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Can learning a second language make you smarter?
Growing up speaking Dutch and later on learning english, I myself am considered a bilingual. Through my experiences and by knowing many other bilingual people with thick accents I’ve often noticed how monolingual people act and speak differently towards bilingual people.
As soon as I started learning English at the age of 11, I started to loath my accent and I worked very hard to lose it. I had always done well in my first language throughout school and I wanted to do just as well in English.
But instead of hating accents, I now admire anyone who is trying to learn a new language — no matter what they sound like.
It’s true that in many cases bilinguals have a very simple vocabulary but we shouldn’t be dumbing down our English in order to stay within their vocabulary range.
Maria-Jesus Plaza, a Spanish professor at MRU explains that bilingual speakers are much more susceptible to learning more languages. “Your brain is tuned to make all these arrangements and pick up sounds, so it’s much easier for [bilinguals].”
Plaza explains that bilinguals learn to think of ideas in a broader context.
“You don’t only think one way, you learn different meanings for the same concept.”
A study in the Journal of Memory and Language showed that bilinguals are actively using multiple languages at the same time, and as each language is constantly activated it gives the brain a cognitive boost allowing for better multitasking and improved attention.
The cognitive boost that improves multitasking is also the reason why bilinguals have a better memory, leading to a delay in the onset symptoms of dementia by 5.1 years. That’s five extra years to learn another language!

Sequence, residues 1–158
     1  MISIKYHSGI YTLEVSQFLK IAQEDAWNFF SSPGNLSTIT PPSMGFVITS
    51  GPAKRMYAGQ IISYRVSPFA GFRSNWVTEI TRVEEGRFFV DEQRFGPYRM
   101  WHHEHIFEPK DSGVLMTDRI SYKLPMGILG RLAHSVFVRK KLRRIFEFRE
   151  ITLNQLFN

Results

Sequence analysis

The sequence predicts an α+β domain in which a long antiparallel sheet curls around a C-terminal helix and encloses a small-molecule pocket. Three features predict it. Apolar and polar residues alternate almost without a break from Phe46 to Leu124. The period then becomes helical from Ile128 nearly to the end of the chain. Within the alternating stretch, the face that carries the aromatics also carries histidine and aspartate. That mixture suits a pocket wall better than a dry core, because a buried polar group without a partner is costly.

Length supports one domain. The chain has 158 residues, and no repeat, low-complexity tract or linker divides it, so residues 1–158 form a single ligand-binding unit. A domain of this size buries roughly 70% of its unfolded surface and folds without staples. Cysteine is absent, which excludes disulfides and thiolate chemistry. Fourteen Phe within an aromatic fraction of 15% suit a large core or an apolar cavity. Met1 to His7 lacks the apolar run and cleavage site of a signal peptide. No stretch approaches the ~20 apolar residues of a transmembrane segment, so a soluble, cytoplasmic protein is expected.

Physically, the brain actually grows as a new language is learned according to the book, Growth of language-related brain areas after foreign language learning.
So, not only do bilingual people have better cognitive abilities and growing brains, they also scored higher in general intelligence and reading comprehension.
Dr. Thomas Bak, from the Centre for Cognitive Aging and Cognitive Epidemiology at the University of Edinburgh created a study to show that the increase in attention, focus and fluency was only explained by the learning of a new language.
Most of us have thought about taking up a second language at one point or another. However, we are often put off because it requires much of our time and seems like a daunting task. We have been led to believe that learning a second language at a young age is much easier so perhaps some of us think it’s too late for to give it a try.
But, it is important to establish why it is more difficult.
“It’s more difficult when you are older, but mostly because adult students are more self-conscious about making mistakes before speaking the language. Young kids don’t feel intimidated,” says Plaza.
So just because we are older we shouldn’t be afraid to learn another language. We shouldn’t be afraid to sound less intelligent because in reality you are gaining intelligence and opening doors to endless opportunities.